2 If the text were fully and accurately understood as is. and plans in the course of this chapter. It might be desirable to find some text-independent means of studying global organizers. FRAME ATTACHMENT 2. I felt that direct reproduction from short-term sensory storage would certainly become impossible in that interval. I shall illustrate this approach in regard to frames. schemas. (181. 2. Two groups of subjects heard the text read aloud and were asked to write down as much as they could remember of it.and construction of mental patterns.3) so that the gases above them are cooler and seem darker in color. we can observe their influence upon human utilization of knowledge. The second group. 2. however. was required to wait five minutes before writing.1) Sunspots are believed to be caused by magnetic fields inside the sun.2) These fields slow down the energy flowing up from inside the sun. the result might be a configuration such as that in Figure 23. . My explorations are all oriented toward the use of texts.1 A text whose topic is not familiar should make people uncertain about finding a frame. (181. during which time no activities were imposed. but I see no way to do so with a reliable consensus. An experiment I conducted with the help of Richard Hersh at the University of Florida pursued this prediction by presenting the following brief text: (181. Although we cannot observe the patterns themselves.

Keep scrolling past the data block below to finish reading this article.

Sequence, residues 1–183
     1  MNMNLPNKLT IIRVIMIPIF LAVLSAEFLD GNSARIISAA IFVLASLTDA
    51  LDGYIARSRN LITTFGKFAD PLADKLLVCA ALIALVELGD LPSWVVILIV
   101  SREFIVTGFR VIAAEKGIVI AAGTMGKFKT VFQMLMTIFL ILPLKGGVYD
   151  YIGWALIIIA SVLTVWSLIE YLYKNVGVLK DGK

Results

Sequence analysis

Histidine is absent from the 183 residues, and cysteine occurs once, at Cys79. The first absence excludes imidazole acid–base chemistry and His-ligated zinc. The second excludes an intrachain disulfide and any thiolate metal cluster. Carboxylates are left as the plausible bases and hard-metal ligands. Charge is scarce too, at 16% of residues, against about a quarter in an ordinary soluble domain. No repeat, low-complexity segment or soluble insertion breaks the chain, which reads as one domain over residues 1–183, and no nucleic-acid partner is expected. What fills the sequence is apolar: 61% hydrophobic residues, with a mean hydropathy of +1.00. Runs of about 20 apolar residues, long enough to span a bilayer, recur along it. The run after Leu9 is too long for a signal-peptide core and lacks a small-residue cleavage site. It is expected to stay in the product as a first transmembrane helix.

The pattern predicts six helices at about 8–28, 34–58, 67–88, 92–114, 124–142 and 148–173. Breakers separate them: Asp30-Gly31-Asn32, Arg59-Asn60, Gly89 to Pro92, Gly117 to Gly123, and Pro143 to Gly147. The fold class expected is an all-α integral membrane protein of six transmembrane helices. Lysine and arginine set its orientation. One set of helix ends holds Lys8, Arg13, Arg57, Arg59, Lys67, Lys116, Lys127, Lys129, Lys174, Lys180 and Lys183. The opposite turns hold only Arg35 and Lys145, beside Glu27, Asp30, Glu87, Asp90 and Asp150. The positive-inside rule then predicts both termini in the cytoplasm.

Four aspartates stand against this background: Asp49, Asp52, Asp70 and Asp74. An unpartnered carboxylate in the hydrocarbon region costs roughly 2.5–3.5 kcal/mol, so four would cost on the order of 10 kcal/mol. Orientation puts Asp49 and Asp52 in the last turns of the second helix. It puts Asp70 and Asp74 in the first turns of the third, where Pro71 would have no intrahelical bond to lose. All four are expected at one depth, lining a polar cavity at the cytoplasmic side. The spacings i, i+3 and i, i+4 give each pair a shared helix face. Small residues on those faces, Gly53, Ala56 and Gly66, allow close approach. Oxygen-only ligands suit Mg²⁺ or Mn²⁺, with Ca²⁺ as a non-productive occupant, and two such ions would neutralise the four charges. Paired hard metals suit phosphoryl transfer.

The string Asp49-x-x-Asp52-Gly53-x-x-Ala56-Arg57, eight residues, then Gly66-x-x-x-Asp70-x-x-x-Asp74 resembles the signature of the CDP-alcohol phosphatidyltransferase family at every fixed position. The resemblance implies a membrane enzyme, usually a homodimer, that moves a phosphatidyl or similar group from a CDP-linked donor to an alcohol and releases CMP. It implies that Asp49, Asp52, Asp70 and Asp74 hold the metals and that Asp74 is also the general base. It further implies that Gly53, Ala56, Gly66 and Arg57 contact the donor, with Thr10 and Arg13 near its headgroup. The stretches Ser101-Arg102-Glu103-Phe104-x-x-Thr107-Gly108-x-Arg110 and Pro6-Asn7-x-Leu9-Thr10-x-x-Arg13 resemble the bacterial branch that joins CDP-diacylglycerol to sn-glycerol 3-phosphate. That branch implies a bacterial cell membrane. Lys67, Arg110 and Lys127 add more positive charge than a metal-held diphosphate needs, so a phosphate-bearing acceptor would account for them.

Hendrix 1975.+ In addition to ‘sunspots’. (183) Sunspots are caused by magnetic fields around the sun that build up the heated particles in one area. One subject mentioned ‘blotches. We also have an instance of an underlying relation-’cause-of-being mapped onto a surface expression. only 3 out of 35 rendered intact the causal chain just stated.2. In contrast.3 *3. We tabulated our protocols to find the concepts that fared the best. Consider these protocol fragments: (182) Sunspots are believed to be caused by lines of magnetic force which radiate outward from the center of the sun.5 The causality between cooling and darkening was better recalled (18 subjects). the addition of ‘scientists’ as holders of the ‘belief’ was a fully reasonable inference for the type of material. ‘force’ (5). 1978). and three subjects relocated the fields ‘around the sun’. and ‘gases’. The rest omitted or altered the textual world in ways suggestive of attempts to subsume the material under some non-specialized framelike concept. I use the convention of simply passing the link label ‘ca’ (for cause) along to the next node. and ‘slow’ had only 6 recalls. and one even made the spots ‘black’.4 The most striking instance was the student who declared the text to be dealing with an ‘eclipse of the sun’. Clearly. The tendency to utilize ‘magnetic ficlds’ as a subsuming frame over others is very manifest in the amount of associated entries readers added to that node. One converted the ‘fields’ to ‘shields’ to make this effect more acceptable. . cued apparently by ‘sun’ plus ‘darker’. would have prior expertise about sunspots. ‘dark’ then followed with 21.The entire content is encased in a BELIEF SPACE. all first-year college students.’ one ‘patches’. with these results: ‘magnetic fields’ won out with 25 out of 35. the students had a hard time envisioning magnetism slowing down gases. On the other hand. The notion of ‘spot’ depends determinately on the attribute ‘dark’ or at least ‘darker than surrounding area’. and ‘disturbance’ (1). In fact. 2. evoked by ‘are believed’ in the text (cf. 2. (2) gases above become cooler. The explanation for sunspots is a causal chain: (1) magnetic fields slow down energy.4). this content is derived from knowledge about magnetism rather than from the presentation.3 I did not anticipate that our test subjects. The same source may have led to their statements about ‘electricity’ (1 subject). The subject who recalled only: (184) Sunspots in the sun are always dark in color. ‘radiation’ (3). following a ‘lines of force’ notion like that in (182). as indicated by their multiple linkage. (4) darkness yields spots. as verified by our test results (V1. (3) cooler places are darker. ‘gases ’and ‘cool’ with 18 each. 2. ‘the main nodes are ‘magnetic ‘fields’.I include the inference that the ‘belief is held by ‘scientists’.